Okay, okay. He’s not world famous…not yet, anyway. But you should check out this small-town Kansas writer’s book of short stories and essays, Blowing Carbon. You’ll be glad you did. In it, you’ll find a smattering of subject matter, such as:
*Jack’s lifelong struggle with Caulrophobia: fear of clowns
*A Gothic Horror love story set in Johnson County
*A young man’s master plan to woo a hot librarian
*Mary Had a Little Lamb – and revenge
*A painful encounter with racism in 1973
*The disturbing future of the written word
*A tribe’s dangerous journey to a snowy promise land
It was a pleasure to read a combination of stories and essays that induced laughter, fear, sadness, anger, nostalgia, and hope. They appeal to a wide range of ages, male or female. Basically, there’s something for everyone. The characters are easy to relate to and likeable, but with flaws just like any human. Jack is a master of his craft – clever, genuine, and undeniably captivating.
If you’re interested in purchasing a copy of Jack’s book, Blowing Carbon, you can do so here:
I also encourage you to look for other books written by local authors. There’s probably a small section in a library or bookstore near you that features local work.
I was lucky enough to steal Jack for a few minutes and ask him some heavy questions.
1. Briefly describe your last encounter with a clown.
“Clowns, and to a much lesser degree, girls, comprised the principle banes of my childhood. All were evil and all were out to get me, especially the clowns. Avoiding clowns or minimizing my time in their presence remained a life strategy after I became an adult, even though the fear had subsided. My most recent encounter with one, actually with a whole bunch of them, was at a circus in Kansas City’s Kemper Area a few years ago. The experience wasn’t that bad at all. Mostly the clowns behaved like the three (eleven of them actually) stooges might, only in whiteface, and with big red noses. They were really quite funny – on the surface anyway. During these particular clown’s performances I thought I noticed a couple of them stealing furtive glances my way even though I was seated twenty-three rows up. And that tall one, the one with the swirly orange hair, turned and smiled my way as the show concluded and they ran out of the ring. His smile wasn’t that friendly at all.”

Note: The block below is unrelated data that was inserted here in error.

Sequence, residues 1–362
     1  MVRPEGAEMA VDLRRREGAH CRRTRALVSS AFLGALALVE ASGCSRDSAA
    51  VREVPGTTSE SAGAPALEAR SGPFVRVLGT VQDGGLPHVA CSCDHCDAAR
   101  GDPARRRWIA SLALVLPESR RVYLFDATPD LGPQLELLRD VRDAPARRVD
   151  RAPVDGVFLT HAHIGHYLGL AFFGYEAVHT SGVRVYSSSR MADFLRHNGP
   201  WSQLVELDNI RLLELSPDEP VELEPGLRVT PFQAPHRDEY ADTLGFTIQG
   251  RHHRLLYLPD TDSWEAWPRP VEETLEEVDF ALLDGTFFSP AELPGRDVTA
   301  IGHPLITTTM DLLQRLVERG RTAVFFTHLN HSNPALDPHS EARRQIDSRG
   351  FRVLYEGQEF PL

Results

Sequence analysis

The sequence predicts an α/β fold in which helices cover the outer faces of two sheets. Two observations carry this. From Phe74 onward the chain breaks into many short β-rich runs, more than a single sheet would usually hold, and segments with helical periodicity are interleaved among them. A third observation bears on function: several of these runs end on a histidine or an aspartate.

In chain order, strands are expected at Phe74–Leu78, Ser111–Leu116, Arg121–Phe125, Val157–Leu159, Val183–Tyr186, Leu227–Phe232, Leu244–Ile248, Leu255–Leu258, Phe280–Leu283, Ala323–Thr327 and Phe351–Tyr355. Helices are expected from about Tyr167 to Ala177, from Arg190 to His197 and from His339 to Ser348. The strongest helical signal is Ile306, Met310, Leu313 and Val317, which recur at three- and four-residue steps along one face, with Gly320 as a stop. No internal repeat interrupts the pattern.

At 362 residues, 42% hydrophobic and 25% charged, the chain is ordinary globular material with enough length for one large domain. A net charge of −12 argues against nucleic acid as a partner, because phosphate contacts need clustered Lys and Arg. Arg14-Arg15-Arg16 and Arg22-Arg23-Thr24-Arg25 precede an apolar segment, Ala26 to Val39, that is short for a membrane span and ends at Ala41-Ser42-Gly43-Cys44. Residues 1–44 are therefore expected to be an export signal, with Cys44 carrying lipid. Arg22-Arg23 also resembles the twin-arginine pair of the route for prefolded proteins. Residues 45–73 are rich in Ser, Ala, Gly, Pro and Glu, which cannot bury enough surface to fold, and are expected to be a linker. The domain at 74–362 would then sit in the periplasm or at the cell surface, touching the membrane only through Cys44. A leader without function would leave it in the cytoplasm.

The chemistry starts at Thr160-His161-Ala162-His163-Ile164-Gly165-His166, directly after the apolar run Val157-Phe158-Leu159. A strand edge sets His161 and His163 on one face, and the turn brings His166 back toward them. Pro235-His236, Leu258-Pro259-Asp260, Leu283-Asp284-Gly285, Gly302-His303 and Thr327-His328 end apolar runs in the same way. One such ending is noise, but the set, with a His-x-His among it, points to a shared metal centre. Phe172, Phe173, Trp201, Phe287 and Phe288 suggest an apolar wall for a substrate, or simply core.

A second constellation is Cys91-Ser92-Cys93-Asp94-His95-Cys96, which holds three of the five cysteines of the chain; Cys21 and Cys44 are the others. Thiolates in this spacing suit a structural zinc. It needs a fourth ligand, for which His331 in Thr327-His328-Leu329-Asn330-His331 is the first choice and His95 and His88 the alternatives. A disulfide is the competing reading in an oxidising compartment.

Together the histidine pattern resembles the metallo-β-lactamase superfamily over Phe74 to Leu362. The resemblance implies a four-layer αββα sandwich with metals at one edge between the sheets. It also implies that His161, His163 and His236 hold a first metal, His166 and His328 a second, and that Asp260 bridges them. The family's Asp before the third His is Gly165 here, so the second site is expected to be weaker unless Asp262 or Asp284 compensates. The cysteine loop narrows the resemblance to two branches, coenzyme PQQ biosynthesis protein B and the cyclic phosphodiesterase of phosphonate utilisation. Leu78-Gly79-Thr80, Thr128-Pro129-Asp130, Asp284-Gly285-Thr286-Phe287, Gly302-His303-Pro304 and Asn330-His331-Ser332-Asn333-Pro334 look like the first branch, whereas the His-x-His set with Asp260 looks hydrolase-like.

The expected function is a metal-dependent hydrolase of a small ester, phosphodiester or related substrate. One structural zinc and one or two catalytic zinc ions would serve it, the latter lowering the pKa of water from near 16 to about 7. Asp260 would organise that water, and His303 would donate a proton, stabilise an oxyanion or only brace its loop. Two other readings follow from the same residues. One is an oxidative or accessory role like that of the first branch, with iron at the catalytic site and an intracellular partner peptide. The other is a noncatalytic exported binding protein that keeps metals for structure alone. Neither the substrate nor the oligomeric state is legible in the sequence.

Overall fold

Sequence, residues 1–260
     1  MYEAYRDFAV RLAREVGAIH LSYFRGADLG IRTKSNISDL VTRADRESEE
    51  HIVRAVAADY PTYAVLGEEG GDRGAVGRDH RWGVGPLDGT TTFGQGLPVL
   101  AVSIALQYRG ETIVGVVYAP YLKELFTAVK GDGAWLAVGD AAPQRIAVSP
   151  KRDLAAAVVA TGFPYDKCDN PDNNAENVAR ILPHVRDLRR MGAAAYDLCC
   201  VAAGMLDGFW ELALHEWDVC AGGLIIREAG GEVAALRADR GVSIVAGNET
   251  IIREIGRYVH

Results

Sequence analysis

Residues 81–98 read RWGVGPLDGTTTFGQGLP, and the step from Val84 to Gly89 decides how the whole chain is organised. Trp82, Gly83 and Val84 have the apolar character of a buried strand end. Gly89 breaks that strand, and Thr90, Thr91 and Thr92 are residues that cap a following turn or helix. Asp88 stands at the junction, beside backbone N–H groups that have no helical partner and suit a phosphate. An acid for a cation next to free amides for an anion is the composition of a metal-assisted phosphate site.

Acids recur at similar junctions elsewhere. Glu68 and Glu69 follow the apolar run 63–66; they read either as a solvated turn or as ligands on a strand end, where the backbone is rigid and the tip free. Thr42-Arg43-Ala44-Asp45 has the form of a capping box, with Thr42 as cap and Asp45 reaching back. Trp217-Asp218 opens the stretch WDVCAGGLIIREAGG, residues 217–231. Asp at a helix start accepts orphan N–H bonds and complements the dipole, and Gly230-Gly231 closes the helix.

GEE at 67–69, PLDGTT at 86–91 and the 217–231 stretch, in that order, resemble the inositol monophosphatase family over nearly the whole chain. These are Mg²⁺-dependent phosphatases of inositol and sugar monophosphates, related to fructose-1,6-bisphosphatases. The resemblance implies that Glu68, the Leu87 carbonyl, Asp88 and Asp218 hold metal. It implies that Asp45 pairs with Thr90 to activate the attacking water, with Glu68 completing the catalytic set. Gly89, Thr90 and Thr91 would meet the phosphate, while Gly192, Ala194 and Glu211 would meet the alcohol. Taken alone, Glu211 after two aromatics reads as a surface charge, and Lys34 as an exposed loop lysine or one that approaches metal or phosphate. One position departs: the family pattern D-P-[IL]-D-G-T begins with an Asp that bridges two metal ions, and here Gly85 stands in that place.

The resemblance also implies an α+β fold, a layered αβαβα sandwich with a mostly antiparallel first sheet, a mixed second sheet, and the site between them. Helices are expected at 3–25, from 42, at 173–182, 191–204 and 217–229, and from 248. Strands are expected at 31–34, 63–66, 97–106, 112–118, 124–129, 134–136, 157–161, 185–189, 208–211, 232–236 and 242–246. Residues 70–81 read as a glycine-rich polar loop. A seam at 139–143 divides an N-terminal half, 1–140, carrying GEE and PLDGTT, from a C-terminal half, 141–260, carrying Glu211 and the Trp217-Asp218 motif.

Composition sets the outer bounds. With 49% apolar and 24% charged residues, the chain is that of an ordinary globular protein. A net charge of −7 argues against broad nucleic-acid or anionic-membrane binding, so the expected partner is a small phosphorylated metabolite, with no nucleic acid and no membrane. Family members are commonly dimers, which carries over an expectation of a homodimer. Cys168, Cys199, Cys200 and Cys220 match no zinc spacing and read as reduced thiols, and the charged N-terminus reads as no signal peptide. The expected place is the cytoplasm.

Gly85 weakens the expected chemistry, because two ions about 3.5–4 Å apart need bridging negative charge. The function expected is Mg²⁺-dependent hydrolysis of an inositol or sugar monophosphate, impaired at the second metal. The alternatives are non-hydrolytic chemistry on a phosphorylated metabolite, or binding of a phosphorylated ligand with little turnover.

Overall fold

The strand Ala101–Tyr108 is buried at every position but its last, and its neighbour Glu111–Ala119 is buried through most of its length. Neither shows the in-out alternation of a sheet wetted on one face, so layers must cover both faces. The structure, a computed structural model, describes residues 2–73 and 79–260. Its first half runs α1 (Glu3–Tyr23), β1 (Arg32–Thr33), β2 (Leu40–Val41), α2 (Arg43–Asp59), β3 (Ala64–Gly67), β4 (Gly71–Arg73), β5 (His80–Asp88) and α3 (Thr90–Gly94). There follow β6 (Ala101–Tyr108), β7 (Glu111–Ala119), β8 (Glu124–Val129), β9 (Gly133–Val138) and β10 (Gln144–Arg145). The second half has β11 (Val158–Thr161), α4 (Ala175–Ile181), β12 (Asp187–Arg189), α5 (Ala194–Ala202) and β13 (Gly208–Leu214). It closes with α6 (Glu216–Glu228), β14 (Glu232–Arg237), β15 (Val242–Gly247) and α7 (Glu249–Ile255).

2. In Post Literacy you speak of a future without tangible books, without pencil and paper to write on. The book publishing industry’s future seems bleak with the growth of online publishing – ebooks can be created, uploaded and downloaded by anyone. What is it about holding a real book and writing on real paper that you cherish?
“I worry about two things: losing books in their current form, and also the end of books altogether.
The latter worry first: the number of people who read books dwindles. There are so many other ways to occupy one’s mind. Video games, texting, tweeting, facebook, and the internet all gobble up people’s time. And reading a book requires a significant investment of time. Will these time grabbers and other similar yet-to-be-developed diversions squeeze out books? When I began my own blog last year, my blog set-up advisor told me to keep them short. She told me that the average web surfer’s attention span lasts about four minutes. Not too many four minute books out there. I fear that when book readers are marginalized, there will be no economic incentive for writers to write them. We will become a world of four-minute tweeters and facers and bloggers.
Relatively soon I expect books to change in form, and those who love to read them (me) will adapt. We will buy Kindles or whatever else comes down the pike in order to continue to read “books.” When I was a kid, my mom often took me to the library and I loved it, and vowed that someday I would own my own full bookshelves. And I always enjoyed sniffing around bookstores, pulling out books and reading the jackets and admiring the cover artwork. I love the way a new book smells, and the way an old one does. When we built a house out in the country, and we met with the architect, I told her there were only two things that I wanted – a deep bathtub, and a library with floor-to-ceiling bookshelves so that I could free my old friends from their basement cardboard box tombs. Now I can walk into my library and see my books and each one carries a memory of the read. I can even pull them out and sniff them. I have books that were my parents and grandparents and a handful from my great-grandparents. With an e-reader these joys will be replicated by powering up one’s device, browsing a web site for new titles, downloading, and then by opening the desired folder and scrolling down the list of titles. And anytime or anywhere I want, I can hold my thin plastic rectangle up close and sniff it. Ah, I love the smell of plastic in the morning.”